Main client: Lafarge Plasterboard
Architect: Farrell & Clark
Structural engineer: White Young Green
Main contractor: Clugston Construction
Steelwork contractor: Caunton Engineering
Project value: £35 million
Steel tonnage: 1,150t
A brownfield site in Ferrybridge, West Yorkshire, is the location for Lafarge’s new £35M plasterboard manufacturing and distribution facility.
On the site of the former Ferrybridge ‘B’ Power Station, the new factory is adjacent to the currently operating ‘C’ power station, and with this location comes a major, if slightly unlikely, sustainability benefit.
The power station has installed a flue gas desulphurisation plant to cut emissions from its flue stacks and a by-product of this equipment is synthetic gypsum.
Nigel Clephan, Lafarge Project Manager, explains: “Gypsum, either natural or synthetic, is the main raw material used in the production of plasterboard. By having our latest facility here at Ferrybridge we will be using the by-product of the power station’s latest emissions reduction equipment as our main raw material.”
Making use of this by-product has a number of sustainability benefits, such as a reduction in the number of trucks delivering raw materials to the site and the fact that synthetic gypsum increases production efficiency as it is delivered as a wet slurry.
“This means the product doesn’t have to go through a crushing stage as the initial stage of our process has already been carried out,” explains Mr Clephan.
The plan, once construction is complete and production is up and running later this year, is for the synthetic gypsum for the plasterboard manufacturing to be delivered via a conveyor belt system from the Ferrybridge ‘C’ Power Station. The rest of the required raw material – natural gypsum – will arrive by rail and road.
The construction of the plasterboard facility is now well under way, with the steel frame nearing completion on the majority of the project.
Caunton Engineering is fabricating, supplying and erecting approximately 800t of steelwork for the main facility, with a further 350t for an adjacent gypsum storage house which will begin construction this month (April).
Paul Cadman, Project Manager at consulting engineer White Young Green, says the project would have been tricky to construct in any other material than steel, particularly with the time constraints.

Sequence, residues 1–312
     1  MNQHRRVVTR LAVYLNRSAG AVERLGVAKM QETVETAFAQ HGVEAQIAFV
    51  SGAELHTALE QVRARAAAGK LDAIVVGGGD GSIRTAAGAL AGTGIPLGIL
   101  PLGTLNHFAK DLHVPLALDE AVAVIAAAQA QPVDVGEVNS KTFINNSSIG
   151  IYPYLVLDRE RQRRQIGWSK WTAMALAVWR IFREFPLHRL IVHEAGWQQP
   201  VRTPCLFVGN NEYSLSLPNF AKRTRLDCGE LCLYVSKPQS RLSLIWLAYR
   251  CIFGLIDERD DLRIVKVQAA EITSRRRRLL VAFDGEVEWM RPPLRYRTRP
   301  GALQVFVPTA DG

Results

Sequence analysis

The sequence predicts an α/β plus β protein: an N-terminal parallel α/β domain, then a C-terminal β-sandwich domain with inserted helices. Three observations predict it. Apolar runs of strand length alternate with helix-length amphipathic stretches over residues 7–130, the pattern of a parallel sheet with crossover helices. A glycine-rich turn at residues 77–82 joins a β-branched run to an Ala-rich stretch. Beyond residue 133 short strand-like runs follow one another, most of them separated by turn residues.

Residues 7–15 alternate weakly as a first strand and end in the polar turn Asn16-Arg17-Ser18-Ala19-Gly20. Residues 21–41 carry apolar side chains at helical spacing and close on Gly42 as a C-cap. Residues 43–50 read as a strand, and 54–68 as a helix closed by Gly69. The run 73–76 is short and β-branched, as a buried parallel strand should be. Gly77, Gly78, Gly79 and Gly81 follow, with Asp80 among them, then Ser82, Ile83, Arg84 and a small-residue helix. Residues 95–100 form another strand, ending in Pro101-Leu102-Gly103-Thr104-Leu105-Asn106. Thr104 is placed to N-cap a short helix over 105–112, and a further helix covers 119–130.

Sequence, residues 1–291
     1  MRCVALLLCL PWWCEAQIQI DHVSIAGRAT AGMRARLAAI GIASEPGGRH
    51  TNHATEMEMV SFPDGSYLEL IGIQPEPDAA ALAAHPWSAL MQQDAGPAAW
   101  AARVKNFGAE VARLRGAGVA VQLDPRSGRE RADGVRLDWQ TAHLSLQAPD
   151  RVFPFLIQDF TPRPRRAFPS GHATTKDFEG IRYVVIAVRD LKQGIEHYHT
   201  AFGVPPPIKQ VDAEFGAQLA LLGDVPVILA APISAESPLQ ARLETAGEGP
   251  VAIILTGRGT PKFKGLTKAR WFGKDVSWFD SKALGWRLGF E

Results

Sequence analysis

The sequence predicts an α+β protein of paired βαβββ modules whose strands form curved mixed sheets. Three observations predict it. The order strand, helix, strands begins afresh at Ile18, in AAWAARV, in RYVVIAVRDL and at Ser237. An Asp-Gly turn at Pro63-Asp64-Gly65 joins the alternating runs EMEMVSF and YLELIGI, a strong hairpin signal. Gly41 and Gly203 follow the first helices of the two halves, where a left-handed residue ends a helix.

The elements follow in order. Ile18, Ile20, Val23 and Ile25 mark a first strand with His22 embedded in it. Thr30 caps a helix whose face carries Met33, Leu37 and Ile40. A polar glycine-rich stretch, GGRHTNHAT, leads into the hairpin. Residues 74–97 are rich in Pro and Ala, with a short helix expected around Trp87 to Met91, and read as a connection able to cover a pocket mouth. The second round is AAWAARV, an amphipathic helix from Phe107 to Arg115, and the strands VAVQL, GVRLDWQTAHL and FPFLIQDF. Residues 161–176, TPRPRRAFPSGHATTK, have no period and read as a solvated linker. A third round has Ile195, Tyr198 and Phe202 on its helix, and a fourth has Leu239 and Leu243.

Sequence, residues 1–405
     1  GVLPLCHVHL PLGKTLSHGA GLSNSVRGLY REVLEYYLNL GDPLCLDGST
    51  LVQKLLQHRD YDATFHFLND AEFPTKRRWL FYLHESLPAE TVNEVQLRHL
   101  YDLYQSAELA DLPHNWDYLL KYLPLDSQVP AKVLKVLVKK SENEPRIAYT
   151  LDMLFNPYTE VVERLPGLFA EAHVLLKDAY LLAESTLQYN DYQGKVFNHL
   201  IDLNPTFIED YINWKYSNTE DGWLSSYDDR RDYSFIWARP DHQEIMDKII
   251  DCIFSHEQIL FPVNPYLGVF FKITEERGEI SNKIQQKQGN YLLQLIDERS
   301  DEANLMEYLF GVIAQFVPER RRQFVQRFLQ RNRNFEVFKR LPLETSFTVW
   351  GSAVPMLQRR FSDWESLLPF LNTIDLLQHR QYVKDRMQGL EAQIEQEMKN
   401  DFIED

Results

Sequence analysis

The need for a warehouse zone with minimal internal columns and long spans led the client – Lafarge – to request a steel-framed factory.
“Steel is also quicker to construct with, and Lafarge want the factory up and running before the end of the year. And, importantly, much of the equipment will start to be installed before the building is even finished,” adds Mr Cadman.
Another important consideration in choosing steel was its weight compared to concrete, and consequently the need to install fewer piles.
The steel frame is being erected on new concrete piled foundations around 12m deep. However, if the building was concrete framed the piles would have needed to be deeper and the process would have been more complicated and expensive, explains Mr Cadman.
As the site was once a power station, Clugston had to do some extensive groundworks when they started work in August 2006.
The old foundations were very deep and most had to be dug out along with many other associated obstructions. In line with the project’s sustainability credentials, Clugston Project Manager Richard Bowmer, says all of the foundations were broken out, crushed, then re-used for the piling working platform and as bulk fill.
The main factory building is approximately 25,000m² and consists of a large warehouse and distribution area, and an attached plasterboard processing area with plant rooms.
The warehouse area is 208m long (26 x 8m wide bays) and 84m wide (three spans of 28m). Attached to one of the longer elevations of the building is a 16m wide single spanned processing area which is 288m long (36 x 8m grids).
The design of the processing area was modified at quite a late stage. Some columns were discovered to be in the way of the intended equipment and so three of the steel members were omitted.
Denis Morton, Project Manager for Caunton, explains the steelwork was engineered to suit the revised requirement.
Steel’s flexibility was highlighted as Caunton replaced one column with portal bracing, while the other members were replaced with longer 16m rafters to increase the grid size.
“The new equipment couldn’t have been installed with the original grid sizes as columns were positioned on areas where plant machinery would be standing, and steel obviously lends itself to these kinds of alterations,” says Mr Cadman.
Attached to the processing area Caunton is also erecting two internal plant support frames, one a four-storey structure containing four floors.
The larger of the two structures will contain two silos and these units have already been installed with the steelwork having to be erected around them. “They would have been too heavy to lift into the completed structures,” explains Mr Morton. “So we are erecting the steel frame and floors around them before putting the roof on.”
Once the plant houses are complete, Caunton will begin erecting the steelwork for the final phase of the project.
This last piece of the jigsaw is the gypsum store, which will be a single storey stand-alone structure measuring 80m x 42m with 10 x 8m bays.
This building will accept the synthetic gypsum from the adjacent power station via a conveyor belt system. To support this conveyor system the portal frame structure will have a 4m deep lattice truss across the entire roof width.
Lafarge is scheduled to produce the first sections of plasterboard at the new Ferrybridge facility in October, only five months after the steelwork has been completed.